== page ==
Farming changed the diet of humans radically.
People settling down in one place were able to develop new, heavy implements for cooking. This changed what was cooked and how it was cooked.
Mortars and pestles were used for crushing and pounding wheat and barley seeds, to make bread. Nuts could also be pounded in this way.
The Neolithic was a period in the development of human technology that is traditionally the last part of the Stone Age. It is the age of the use of both wild and domestic crops and the use of domesticated animals.
The Neolithic period saw the diet change to one of cereals and produce from domesticated animals.
The diet became restricted to a mixture of successfully cultivated cereal grains, such as wheat and barley, other cultivated plants (such as beans, cabbages, spinach, onions, garlic, cucumbers) and domesticated animal products, including milk.
Although the diet may have been supplemented by hunting and gathering, in some cultures there would have been a significant increase in starch and plant protein.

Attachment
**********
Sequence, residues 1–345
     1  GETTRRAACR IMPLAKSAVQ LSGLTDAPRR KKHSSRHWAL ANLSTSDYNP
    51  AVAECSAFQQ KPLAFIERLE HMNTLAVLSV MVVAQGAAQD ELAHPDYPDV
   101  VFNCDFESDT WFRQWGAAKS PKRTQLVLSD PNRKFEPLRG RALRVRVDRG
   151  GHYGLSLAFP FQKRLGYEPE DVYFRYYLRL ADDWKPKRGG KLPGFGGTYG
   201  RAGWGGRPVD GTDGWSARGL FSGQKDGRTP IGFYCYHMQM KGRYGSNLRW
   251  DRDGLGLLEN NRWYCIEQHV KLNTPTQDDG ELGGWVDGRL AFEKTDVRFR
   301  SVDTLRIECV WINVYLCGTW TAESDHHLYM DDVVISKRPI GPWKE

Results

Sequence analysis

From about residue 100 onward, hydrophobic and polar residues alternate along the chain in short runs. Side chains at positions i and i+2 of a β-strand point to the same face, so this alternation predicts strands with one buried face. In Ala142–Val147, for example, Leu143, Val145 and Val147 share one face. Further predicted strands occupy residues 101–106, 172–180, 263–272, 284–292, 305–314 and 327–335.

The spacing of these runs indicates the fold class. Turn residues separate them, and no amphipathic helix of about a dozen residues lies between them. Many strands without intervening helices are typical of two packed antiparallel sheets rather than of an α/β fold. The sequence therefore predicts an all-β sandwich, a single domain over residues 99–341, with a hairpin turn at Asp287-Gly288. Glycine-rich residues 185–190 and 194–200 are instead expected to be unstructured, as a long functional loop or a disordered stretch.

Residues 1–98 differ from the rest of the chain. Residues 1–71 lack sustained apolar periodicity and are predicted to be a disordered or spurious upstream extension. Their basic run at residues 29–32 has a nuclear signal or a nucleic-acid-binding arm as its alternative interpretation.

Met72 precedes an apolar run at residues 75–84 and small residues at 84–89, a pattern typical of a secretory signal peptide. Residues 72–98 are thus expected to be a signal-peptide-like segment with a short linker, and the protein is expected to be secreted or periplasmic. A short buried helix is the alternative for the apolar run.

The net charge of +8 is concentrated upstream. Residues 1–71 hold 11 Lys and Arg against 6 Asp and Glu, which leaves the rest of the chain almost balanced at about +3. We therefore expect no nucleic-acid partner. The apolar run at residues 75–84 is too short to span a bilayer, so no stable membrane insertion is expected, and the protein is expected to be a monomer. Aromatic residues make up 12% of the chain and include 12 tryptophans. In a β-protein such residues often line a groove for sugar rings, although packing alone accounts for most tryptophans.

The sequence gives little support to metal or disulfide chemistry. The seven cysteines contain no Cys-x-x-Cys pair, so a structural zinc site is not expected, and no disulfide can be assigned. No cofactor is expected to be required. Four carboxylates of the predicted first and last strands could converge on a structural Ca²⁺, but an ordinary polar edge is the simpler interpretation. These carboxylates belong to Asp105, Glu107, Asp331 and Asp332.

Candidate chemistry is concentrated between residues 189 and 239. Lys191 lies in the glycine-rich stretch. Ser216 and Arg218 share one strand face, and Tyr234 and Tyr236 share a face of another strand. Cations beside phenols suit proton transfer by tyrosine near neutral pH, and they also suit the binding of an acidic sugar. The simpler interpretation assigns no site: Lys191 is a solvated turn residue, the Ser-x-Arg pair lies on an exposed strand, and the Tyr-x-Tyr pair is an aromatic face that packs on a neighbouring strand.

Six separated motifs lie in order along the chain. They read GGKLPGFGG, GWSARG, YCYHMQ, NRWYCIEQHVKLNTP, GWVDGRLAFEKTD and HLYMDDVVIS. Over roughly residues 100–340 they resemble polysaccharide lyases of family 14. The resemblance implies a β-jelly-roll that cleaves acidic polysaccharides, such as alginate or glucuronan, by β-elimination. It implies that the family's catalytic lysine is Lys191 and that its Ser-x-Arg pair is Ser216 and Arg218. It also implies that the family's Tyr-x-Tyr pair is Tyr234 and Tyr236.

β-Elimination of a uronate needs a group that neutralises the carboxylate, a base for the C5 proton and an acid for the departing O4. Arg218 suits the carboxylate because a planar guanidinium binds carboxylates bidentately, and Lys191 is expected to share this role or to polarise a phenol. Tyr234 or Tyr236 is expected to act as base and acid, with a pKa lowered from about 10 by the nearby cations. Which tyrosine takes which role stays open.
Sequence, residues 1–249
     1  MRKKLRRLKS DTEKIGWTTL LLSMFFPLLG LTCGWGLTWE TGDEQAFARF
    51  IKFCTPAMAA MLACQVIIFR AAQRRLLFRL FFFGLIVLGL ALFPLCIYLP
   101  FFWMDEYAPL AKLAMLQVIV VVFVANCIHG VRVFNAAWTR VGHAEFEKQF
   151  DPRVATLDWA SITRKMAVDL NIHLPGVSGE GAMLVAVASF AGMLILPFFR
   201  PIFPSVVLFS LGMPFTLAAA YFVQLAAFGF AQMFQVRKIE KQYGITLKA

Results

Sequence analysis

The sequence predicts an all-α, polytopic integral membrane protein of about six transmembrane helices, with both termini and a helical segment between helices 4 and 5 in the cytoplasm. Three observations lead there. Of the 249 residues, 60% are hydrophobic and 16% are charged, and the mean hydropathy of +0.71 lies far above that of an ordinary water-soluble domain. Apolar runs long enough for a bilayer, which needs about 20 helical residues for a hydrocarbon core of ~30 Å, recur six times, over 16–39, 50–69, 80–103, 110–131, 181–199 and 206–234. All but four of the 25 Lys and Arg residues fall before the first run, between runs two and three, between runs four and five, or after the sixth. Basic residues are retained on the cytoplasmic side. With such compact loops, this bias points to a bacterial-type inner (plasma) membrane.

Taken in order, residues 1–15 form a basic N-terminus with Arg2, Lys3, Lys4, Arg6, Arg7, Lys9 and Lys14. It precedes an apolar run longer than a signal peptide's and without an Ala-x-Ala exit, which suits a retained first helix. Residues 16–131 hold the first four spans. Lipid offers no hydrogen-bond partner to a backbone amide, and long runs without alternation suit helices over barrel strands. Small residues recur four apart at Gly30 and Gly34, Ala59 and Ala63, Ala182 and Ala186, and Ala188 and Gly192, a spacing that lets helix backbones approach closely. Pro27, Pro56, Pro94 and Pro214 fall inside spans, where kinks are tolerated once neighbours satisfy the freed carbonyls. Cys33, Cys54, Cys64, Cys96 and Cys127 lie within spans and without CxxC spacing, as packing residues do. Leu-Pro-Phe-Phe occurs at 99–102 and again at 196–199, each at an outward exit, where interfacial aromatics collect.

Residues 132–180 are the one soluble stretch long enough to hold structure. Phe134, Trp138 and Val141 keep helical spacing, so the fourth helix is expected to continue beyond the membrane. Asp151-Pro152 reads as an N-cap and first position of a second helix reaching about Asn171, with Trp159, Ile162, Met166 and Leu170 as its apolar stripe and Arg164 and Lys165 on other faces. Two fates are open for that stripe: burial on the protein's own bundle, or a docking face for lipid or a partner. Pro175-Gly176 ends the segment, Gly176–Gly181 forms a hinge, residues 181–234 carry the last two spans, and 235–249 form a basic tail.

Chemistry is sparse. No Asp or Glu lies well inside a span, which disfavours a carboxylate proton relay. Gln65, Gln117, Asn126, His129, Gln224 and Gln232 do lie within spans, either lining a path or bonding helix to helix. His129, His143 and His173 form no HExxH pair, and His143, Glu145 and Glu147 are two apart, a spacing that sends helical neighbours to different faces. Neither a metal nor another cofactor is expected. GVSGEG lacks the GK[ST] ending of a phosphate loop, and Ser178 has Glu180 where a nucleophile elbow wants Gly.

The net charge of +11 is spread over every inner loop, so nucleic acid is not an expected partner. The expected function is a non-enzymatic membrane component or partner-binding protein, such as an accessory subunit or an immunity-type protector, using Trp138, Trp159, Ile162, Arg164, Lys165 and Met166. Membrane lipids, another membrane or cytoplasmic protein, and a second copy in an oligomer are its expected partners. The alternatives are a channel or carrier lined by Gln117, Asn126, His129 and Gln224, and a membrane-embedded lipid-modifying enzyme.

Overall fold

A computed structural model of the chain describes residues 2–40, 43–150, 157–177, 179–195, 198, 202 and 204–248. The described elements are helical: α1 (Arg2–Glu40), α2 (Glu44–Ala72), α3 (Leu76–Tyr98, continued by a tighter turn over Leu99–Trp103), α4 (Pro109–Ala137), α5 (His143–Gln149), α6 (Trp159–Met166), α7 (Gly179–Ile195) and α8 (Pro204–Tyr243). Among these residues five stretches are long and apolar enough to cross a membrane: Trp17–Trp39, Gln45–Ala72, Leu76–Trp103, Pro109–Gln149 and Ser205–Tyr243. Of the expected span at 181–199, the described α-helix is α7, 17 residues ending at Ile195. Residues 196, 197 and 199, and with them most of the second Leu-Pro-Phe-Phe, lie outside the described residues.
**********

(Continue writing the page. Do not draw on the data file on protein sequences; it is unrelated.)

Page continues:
The invention of pottery allowed foods to be cooked more easily.
Pottery allowed liquids to be boiled over fires, so that porridge, stews and soups could be made much more easily. The spreading use of iron, after about 1000 BC, made the manufacture of pots, pans and cauldrons even easier.
Bronze was usually far too valuable to ancient people to be used for cooking, so it was not until the Iron Age that cooking with metal pots and implements really took off.
Popularization of pigs, sheeps and goats as food
Farming saw the introduction of animals that we still use for meat or dairy today.
As people started to move towards more settled communities, domestication of livestock saw animals that we are familiar with today. Pigs, sheep and goats became popular as food.
In the Bronze Age, sheep were the most popular meat and, during the Iron Age, pig breeds, similar to the saddleback today, were farmed.
Farming altered every aspect of life for our ancestors.
Better farming methods led to the production of enough crops to support larger populations. People were able to live in ever-larger settlements.
At first, settlements of a few families must have existed, but, within a thousand years or so, small towns of over a thousand inhabitants had appeared. From living in temporary huts, they started building mud-brick houses, of ever more elaborate design. Large public buildings soon followed, temples and palaces forming the focus of the communities. Technological advances continued to be made: pottery, woolen textiles, spinning and weaving.